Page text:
(CNN) -- Diners at the Tawlet Souk el Tayeb restaurant in Beirut never know quite what to expect.
Their food is cooked by someone different every day, usually a woman preparing local specialties of her own village.
Tawlet Souk el Tayeb, which has been open for two years, uses only food from the Lebanon's only farmers' market, run by the same organization.
The cooks, almost all amateur women from villages all around the country, work on rotation, with new cooks starting all the time.
The emphasis on rustic home cooking is a long way from Beirut's reputation for chic nightlife, but reflects the country's obsession with food.
Kamal Mouzawak, founder of both the restaurant and farmers' market said: "Food and food culture is very important in Lebanon as an expression of history and tradition."
He said nothing defined Lebanese culture more than tabbouleh, the salad of bulgur wheat and parsley.
That tradition and obsession is celebrated in an exhibition by graphic artist Maya Zankoul which recently opened in Tawlet Souk el Tayeb.
Zankoul, 25, said: "Every occasion or celebration has a particular traditional food attached to it. It's the best part of our culture.
"The posters are all different shapes, sizes and colors, just like meze."
The pictures include one chronicling the seven steps of a Lebanese lunch, the final step being into bed to sleep off all the food.
Another shows typical dishes served at celebrations of various life-stages, from a birth, the appearance of a baby's first tooth to graduation.
Zankoul said: "I asked my grandmother and mother about their typical traditions and recipes.
"I noticed patterns and table traditions in Lebanese culture and made fun of the names of dishes, because some are really weird."
Zankoul had already fallen in love with Tawlet Souk el Tayeb before Mouzawak asked her to create pictures for the exhibition.
She said: "A lot of restaurants in Lebanon are similar and copy each other. It's good that this is something different, but still typically Lebanese. It's doing its own thing.
"I love drawing and I love food, so to combine them is perfect. Most of my work is more political or personal, it's the first time I've done anything like this."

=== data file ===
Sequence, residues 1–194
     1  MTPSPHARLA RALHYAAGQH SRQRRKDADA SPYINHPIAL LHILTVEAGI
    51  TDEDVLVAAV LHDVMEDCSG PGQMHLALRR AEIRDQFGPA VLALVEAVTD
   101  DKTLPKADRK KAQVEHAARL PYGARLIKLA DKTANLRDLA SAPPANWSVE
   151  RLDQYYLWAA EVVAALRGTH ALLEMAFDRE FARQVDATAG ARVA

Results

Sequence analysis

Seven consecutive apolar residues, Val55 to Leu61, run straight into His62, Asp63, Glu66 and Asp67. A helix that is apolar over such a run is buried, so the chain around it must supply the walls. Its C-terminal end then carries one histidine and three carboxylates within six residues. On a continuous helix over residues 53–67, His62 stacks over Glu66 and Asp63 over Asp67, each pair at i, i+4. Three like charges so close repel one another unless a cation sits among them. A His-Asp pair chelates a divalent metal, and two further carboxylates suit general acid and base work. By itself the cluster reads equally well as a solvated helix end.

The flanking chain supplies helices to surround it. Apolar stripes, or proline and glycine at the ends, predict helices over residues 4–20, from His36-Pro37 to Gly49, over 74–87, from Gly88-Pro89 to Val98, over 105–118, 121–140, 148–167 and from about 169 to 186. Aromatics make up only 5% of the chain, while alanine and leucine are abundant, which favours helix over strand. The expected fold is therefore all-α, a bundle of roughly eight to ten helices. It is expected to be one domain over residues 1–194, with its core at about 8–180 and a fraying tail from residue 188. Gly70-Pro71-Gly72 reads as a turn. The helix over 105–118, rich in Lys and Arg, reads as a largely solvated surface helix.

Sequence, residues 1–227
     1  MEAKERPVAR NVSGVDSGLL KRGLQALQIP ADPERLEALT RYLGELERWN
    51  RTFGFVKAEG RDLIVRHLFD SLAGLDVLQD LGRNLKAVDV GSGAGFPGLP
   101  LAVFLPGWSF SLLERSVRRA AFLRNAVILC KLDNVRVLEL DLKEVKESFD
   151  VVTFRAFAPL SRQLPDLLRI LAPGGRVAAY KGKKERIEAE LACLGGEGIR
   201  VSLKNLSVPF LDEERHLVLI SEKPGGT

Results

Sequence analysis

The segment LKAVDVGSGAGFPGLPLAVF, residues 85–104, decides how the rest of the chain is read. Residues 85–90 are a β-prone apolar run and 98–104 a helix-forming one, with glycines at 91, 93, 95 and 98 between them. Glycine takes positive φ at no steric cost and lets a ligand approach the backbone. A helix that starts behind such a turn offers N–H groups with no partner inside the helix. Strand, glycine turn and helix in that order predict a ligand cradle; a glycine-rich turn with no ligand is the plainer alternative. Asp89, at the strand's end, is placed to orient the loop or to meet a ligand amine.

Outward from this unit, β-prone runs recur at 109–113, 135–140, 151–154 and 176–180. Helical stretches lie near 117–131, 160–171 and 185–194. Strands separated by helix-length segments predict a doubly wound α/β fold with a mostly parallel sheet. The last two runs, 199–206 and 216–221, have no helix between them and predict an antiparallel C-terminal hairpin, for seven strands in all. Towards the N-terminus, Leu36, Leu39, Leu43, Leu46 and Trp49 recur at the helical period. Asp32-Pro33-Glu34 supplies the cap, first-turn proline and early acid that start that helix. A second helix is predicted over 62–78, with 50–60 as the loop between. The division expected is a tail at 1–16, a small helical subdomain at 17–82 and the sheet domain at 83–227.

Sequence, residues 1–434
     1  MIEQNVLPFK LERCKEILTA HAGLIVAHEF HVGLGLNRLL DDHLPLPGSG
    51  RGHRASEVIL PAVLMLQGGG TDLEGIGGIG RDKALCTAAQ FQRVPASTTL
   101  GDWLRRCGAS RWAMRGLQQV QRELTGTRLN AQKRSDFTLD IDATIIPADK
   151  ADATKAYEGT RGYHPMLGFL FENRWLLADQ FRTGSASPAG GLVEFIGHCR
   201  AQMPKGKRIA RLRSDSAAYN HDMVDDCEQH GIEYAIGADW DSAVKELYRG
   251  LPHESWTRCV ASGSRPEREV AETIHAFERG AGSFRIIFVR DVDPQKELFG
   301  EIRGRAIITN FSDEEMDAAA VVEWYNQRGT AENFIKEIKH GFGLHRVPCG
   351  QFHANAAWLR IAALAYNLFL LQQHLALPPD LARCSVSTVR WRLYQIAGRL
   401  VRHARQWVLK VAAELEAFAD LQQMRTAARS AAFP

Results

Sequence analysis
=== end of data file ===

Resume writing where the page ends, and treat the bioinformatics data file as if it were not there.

For Mouzawak, 42, a former food and travel writer, cuisine -- and farmers' markets in particular -- are a way to get to a nation's heart.
"If you want to get to know a country, the best thing to do is visit a farmers' market," he said.
However, it was as a rural development project, rather than as a celebration of food, that he started Souk el Tayeb in 2004.
He said: "It was to support producers and farmers, and to find common ground of land and production between people with political differences after the civil war.
"It started as a weekly farmers' market and evolved into many different projects, from education in schools to exchange programs around the world.
"In 2007 we added regional food festivals. Each year we have five to seven local festivals in different villages celebrating local specialties."
Around a third of the roughly 100 producers at the farmers' market are certified organic and many others are part way through the process of converting to organic.
This is significant in a country where organic food is still a niche interest.
The condition is that those selling on the market must have grown or prepared the food themselves.
"The income goes straight to the producer, not to the middle man, and the consumer has direct contact with the producer," said Mouzawak. "This is important for the consumer to understand where their food has come from and for the producers to get feedback."
Lebanon's 2006 war with Israel had a serious impact on its farmers, according to the Association for Lebanese Organic Agriculture, which said that most organic farms were concentrated in the south of the country, which was most heavily affected.
Mouzawak said: "We carried on through the 2006 war. We moved out of Beirut and went to a mountain resort. It was our positive resistance by carrying on what we were doing."